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What is the Difference Between Loan and Credit?

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Created on
September 29, 2022


What’s Inside

In this blog, we're about to demystify the age-old conundrum: Loan vs. Line of Credit. No jargon, no confusion – just a straightforward guide to help you understand the key differences between loan and credit. Let's get started! 

What is a Loan?

A loan, typically an installment loan, involves a lender providing a lump sum of money that you must repay with interest in regular, equal payments over a specific period. Loans are often used to finance larger expenses like homes or cars. Common types of loans include mortgages, auto loans, student loans, personal loans, and small business loans.

What is a Line of Credit?

A line of credit is a revolving account allowing borrowers to withdraw and spend money up to a predetermined limit, repay it (usually with interest), and use it again. Credit cards are a common example, but home equity lines of credit and business lines of credit are also available.

Difference Between Loan and Credit 

The below table shows the difference between loan and credit: 





A lump sum of money borrowed for a specific purpose and repaid in fixed installments with interest.

A pre-approved amount of money that can be borrowed and repaid repeatedly within a set credit limit.

Type of Agreement

Typically a one-time transaction with a fixed term and repayment schedule.

Ongoing agreement allowing for repeated borrowing and repayment as long as the credit limit is not exceeded.


Fixed monthly payments over a specified term (e.g., 5, 10, or 30 years).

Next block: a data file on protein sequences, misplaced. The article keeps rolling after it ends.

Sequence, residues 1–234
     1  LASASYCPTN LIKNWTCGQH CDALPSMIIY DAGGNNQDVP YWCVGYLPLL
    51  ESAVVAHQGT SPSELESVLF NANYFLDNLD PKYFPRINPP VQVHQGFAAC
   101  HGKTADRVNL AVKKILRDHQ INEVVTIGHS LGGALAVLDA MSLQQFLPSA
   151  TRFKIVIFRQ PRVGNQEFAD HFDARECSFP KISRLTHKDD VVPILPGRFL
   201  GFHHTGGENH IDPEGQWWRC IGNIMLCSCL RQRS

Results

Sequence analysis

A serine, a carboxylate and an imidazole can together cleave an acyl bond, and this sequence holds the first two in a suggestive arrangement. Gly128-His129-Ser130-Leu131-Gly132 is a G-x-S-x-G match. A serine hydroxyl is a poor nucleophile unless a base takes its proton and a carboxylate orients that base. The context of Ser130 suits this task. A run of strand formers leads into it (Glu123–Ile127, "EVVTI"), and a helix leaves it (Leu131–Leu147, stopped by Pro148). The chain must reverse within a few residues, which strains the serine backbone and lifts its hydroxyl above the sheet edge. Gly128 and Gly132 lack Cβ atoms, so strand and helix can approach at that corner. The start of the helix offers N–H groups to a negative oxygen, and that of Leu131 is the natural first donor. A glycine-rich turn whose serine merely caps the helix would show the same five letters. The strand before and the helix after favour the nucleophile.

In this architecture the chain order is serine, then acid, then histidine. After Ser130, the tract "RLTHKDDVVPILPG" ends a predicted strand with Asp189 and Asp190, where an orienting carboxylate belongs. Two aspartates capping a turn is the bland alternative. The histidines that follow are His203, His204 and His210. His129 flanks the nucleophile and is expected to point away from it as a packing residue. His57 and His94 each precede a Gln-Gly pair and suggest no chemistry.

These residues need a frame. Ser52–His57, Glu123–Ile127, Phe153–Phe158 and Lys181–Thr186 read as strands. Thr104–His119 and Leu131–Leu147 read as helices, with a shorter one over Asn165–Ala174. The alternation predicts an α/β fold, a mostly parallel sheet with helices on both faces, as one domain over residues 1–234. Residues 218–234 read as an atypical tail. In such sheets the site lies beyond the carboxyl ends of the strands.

Minimum monthly payments, with the option to pay more or the full balance.

Interest Rate

Interest rates can be fixed or variable depending on the type of loan.

Interest rates may be variable and can change periodically.


Used for specific purposes like buying a home (home loan), a car (auto loan), or education (education loan).

Flexible usage, can be used for various expenses like purchases, bills, or emergencies.

Approval Process

Typically requires a credit check and a detailed application process.

Requires a credit check but often has a quicker and simpler approval process.

Collateral (Security)

Loans can be secured (collateral-backed) or unsecured (no collateral). Examples include gold loans (secured) and personal loans (unsecured).

Credit can be secured (e.g., secured credit card with a fixed deposit) or unsecured (e.g., regular credit card).

Fixed vs. Revolving Limit

Loans have a fixed borrowing amount based on the loan approval.

Credit limits can be revolving, allowing you to borrow, repay, and borrow again within the approved limit.


Home loan, personal loan, auto loan.

Credit card, personal line of credit (personal loan on credit card), revolving credit facility.

Keep in mind that the specific terms and conditions may vary depending on the financial institution and the type of loan or credit product.


While looking at the debate regarding differences between loan and credit, interest rates are always brought up. This is because these rates impact the final amount a borrower is expected to repay. Always make it a point to assess your financial needs before availing of either of these forms of borrowed capital. Moreover, understand the terms and conditions attached to each of these before making any decision. 

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Frequently Asked Questions

1. Which is better, loan or line of credit? 

In general, loans are suitable for substantial, one-time investments or purchases, such as buying a house or funding education. Lines of credit are more suitable for ongoing, smaller, or unexpected expenses, as well as managing income and cash flow. For example, a small business owner might use a credit card to cover monthly office supply costs, while a homeowner might use a home equity line of credit for fluctuating renovation expenses.

2. Is a loan considered credit? 

Yes, loans are considered to be a form of credit.  

3. What do you mean by a loan?

A loan, typically an installment loan, involves a lender providing a lump sum of money that you must repay with interest in regular, equal payments over a specific period.


Fi Money is not a bank; it offers banking services through licensed partners and investment services through epiFi Wealth Pvt. Ltd. and its partners. This post is for information only and is not professional financial advice.
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